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Yesterday my plan was …

to have some new friends over for a fun brunch, to clean up and spend some time relaxing with Nate, then to make a Flourless Chocolate Cake with Raspberry Sauce and go celebrate my friend Em’s birthday with her and friends.  It was a good plan and I suspect it would have been mighty fun if …

halfway through brunch I hadn’t felt the most searing pain in my right side.  If I hadn’t thrown up five times in the bathroom while everyone was trying to keep their own food down in the dining room.  If I didn’t have to announce that we were going to the ER and um, super sorry that this is the SECOND time we have bailed halfway through a plan with these friends for health reasons.  Pretty embarrassing state to be seen in.  I thought we might still resurrect the second half of the plan for cake and celebrating and this might have happened if …

we hadn’t spent until 7:30pm in the ER with doctors coming in and out to ask the same 10 questions, getting my first ultrasound, and lots of poking and prodding from the nurse to try to get my blood gushing.  If I had been released from the ER, instead of being told that I’d be here overnight.  If they hadn’t discovered what appears to be a 5mm gallstone and if they hadn’t decided that I’m stuck here til Monday when they are going to cut me open and slice my gall bladder out.  If I hadn’t learned in the past 24 hours that my real age is, in fact, 72 as opposed to 27 because 72-year-olds have surgery and gall stones and IVs in their arms and get wheeled from place to place in a wheelchair and supported as they crawl slowly out of bed.  27-year-olds certainly don’t do any of this.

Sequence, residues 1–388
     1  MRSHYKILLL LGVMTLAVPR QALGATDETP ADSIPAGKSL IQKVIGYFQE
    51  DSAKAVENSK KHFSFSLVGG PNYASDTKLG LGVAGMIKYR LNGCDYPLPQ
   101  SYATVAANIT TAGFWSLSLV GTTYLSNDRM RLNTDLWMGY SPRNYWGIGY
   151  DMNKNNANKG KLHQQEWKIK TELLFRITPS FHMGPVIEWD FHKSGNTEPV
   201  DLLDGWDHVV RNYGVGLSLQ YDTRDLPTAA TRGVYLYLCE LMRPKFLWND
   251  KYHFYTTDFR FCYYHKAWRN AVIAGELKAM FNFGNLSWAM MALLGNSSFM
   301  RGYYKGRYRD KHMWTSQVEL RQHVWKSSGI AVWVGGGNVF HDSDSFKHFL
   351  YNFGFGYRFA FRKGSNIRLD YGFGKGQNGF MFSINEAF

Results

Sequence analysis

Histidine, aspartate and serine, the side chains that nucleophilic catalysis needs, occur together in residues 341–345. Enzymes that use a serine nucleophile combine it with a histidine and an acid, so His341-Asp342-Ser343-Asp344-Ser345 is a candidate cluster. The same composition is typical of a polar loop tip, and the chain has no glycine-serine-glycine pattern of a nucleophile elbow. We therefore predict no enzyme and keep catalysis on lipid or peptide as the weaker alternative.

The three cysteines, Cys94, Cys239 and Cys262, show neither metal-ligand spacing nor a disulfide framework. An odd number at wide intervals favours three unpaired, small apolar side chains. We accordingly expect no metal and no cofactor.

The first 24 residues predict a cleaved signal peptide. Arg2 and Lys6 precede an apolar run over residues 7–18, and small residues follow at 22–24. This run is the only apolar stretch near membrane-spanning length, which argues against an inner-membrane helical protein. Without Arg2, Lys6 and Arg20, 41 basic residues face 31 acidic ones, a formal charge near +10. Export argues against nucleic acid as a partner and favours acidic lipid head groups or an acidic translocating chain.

IF anyone had asked me, I’d have told them I’d prefer Plan #1.

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Stories of an HMO

 

So last week I got an MRI.  I told you about it, right?  How I realized when I got up from the machine and was wondering why my hair was so wonky that I had lost a bobby pin somewhere in that dern thing?  That gave me a little giggle.  Well, the MRI showed something (a slight protruding disc) but assured me that this could not be the cause of the pain I am having. 

On to the orthopedic surgeon this morning.  I wore a skirt because I was headed straight to work.  Please never do this to an appointment with the ortho surgeon.  Because the nurse asked me to put on a pair of hospital gownish shorts in lieu of my skirt.  You mean, take off my tights and my boots and my bottom half?  Nope.  Just put the shorts on over my tights.  These were some super rad shorts designed to fit any person from 100 pounds to 300 pounds.  They didn’t do a very good job of fitting someone on the low end of that spectrum.  So of course picture tights hanging out of the top of billowing shorts that I can’t keep up and in walks the doctor. 

The doctor says I need an MRI.  What?  A thoracic MRI.  Last week I had a lumbar MRI.  And two weeks ago, my physical therapist recommended I have both a lumbar and thoracic MRI, but of course my PCP thought that was just a dumb idea. 

Back into the machine for another 30 minutes …